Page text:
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Can you please recommend me the ORM that meets requirements in the title?

The standard in the industry is Hibernate of course, but it's so great and I am not sure I can master it in days. Or can I?

It's preferred to configure it via annotations, not XML (writing XML by hand is quite boring, isn't it?).

Actually, all I need is just to conveniently issue CRUD queries. Probably, I could do with simple JDBC and classes, but project can eventually grow and that means even more tedious work should be done again and again. Don't want to do anything so boring as writing same CRUD again and again ;)

Fast means at least not times slower than others because it's going to power server, that will coordinate some distributed calculations and thousands of PCs are going to hit it per minute may be.

Simple-to-learn means simple first-step tutorial for it does not go over 5 pages of text and does not go into something like ObjectDispatcherizationStrategyMubleHuble every now and again ;)

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closed as off-topic by bummi, Flow, M42, Roman C, depa Sep 7 '13 at 13:40

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Actually, the ObjectDispatcherizationStrategySingleton works a lot better than than ObjectDispatcherizationStrategyMubleHuble. There's a lot of flack going around for the MubleHuble pattern right now, so you're wise to stay away from it. –  corsiKa Mar 30 '11 at 17:33

7 Answers 7

up vote 2 down vote accepted

I think simple CRUD is doable with Hibernate in days, except for the complexities introduced by 1:m and m:n relationships, lazy loading, open sessions for transactions, etc.

This assumes that you've got a solid object design to map to. If you don't, you're missing the "O" in ORM.

I think iBatis can be a nice intermediate step between JDBC and full-blown ORM. Check it out.

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Any good tutorials? –  FractalizeR Mar 30 '11 at 18:39

I'll vote for my ORMLite package which I designed to be a simple replacement for iBatis and Hibernate. It works with annotations and has a simple DAO class hierarchy. There is a bunch of documentation including HTML and PDF. Here's the section on how to get started which is 2.5 pages.

http://ormlite.com/docs/getting-started

And there are some working examples to get started with JDBC or Android OS:

http://ormlite.com/docs/examples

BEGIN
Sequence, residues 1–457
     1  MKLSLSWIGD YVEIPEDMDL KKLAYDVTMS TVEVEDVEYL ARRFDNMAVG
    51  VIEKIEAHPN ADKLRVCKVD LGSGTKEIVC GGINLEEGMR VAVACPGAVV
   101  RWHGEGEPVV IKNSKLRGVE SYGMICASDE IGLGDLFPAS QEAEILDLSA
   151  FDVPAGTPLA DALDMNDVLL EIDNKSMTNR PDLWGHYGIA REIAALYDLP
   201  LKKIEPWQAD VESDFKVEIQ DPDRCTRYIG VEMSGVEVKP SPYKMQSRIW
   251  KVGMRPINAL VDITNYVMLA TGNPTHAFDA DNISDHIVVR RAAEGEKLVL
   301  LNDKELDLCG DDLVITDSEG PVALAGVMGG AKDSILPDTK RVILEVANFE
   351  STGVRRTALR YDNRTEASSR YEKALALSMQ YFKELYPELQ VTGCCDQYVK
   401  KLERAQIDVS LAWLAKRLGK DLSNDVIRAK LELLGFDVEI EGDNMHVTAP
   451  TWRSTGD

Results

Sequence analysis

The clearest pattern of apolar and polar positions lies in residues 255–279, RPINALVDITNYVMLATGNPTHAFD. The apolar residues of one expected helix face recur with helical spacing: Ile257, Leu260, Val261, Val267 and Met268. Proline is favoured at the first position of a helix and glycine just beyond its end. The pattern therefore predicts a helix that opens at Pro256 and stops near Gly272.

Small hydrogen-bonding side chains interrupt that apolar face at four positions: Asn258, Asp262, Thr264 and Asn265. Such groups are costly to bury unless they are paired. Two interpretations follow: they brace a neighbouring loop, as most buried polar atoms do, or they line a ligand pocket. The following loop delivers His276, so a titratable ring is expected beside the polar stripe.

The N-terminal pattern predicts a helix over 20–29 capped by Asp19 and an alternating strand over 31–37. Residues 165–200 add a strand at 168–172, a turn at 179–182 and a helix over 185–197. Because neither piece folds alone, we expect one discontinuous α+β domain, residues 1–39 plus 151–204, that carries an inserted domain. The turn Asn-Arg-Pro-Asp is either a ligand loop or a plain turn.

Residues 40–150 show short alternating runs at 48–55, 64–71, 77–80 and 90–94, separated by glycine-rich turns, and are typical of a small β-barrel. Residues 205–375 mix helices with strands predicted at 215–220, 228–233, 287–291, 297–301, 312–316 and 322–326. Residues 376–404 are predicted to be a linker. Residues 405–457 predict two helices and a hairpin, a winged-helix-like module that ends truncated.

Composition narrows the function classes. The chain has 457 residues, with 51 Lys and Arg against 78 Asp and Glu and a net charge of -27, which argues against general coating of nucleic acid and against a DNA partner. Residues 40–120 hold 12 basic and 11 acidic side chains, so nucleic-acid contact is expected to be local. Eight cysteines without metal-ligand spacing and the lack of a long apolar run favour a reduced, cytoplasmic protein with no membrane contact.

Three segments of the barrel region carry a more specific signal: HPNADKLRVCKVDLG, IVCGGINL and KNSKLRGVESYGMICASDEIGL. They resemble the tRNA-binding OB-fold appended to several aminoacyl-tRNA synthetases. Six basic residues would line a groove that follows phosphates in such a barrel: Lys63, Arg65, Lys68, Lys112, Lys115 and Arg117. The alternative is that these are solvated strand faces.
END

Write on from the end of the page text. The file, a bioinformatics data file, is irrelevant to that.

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Is oracle 11g is supported ? –  kaushik Mar 11 '13 at 2:00
    
I've not tried it @kaushik. Unsure. You can ask that question on the user mailing list. –  Gray Mar 11 '13 at 12:26

Java Persistence API (JPA) is the 'official' Sun/Oracle ORM for Java. It's heavily based on Hibernate but with a more limited feature set, so I think that makes it easier to learn. It is also annotation based (there is usually just one XML file for the database connection).

There is more than one implementation of JPA: OpenJPA, EclipseLink and Hibernate are some well-known implementations; I use the Hibernate JPA implementation because I can then use Hibernate-specific extensions when JPA doesn't do what I want it to.

Also, the Sun JPA tutorial is exactly five pages :-) http://download.oracle.com/javaee/6/tutorial/doc/bnbpz.html

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MyBatis (formally known as iBATIS) is definitely a good alternative to Hibernate if you're looking for something lightweight that and easy to learn.

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What I really hate in libraries is PDF-only documentation ;) But I will fight this attitude ;) –  FractalizeR Mar 30 '11 at 18:40

I know what you mean about Hibernate. Hibernate does everything but can be a huge learning curve for someone who does not need everything. I authored an alternative for the situation that you describe: www.sormula.org. Simple learning curve, POJO-friendly, CRUD-ready out-of-the-box.

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Take a look at persist - https://github.com/rufiao/persist .

MicroORM - very lightweight and effective.

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Here's a non-exhaustive selection of tools that simplify CRUD operations with POJOs:

JPA-based:

Proprietary:

  • jOOQ - This library provides a DSL for query construction in addition to CRUD support
  • ActiveJDBC - This library is heavily inspired by Ruby's ActiveRecords
  • Ebean - This library was well-known for being integrated in the Play Framework
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Why did you call jOOQ "Proprietary"? I think the term is confusing. It sounds to me like "commercial license", though I may wrong (English is not my native language). –  FractalizeR Sep 8 '13 at 11:02
    
@FractalizeR: 1. There will be a commercial license for jOOQ, soon (dual-licensed ASL/commercial), 2. Proprietary because I own it. This is unrelated to it being "Open Source" and "free". Standards and specs (such as JPA) are often "Public Domain", managed by a foundation. The same holds true by software managed by the Apache Software Foundation, for instance, where the maintainer often isn't really the sole owner. That's not the case with jOOQ (or ActiveJDBC, Ebean) –  Lukas Eder Sep 8 '13 at 11:36

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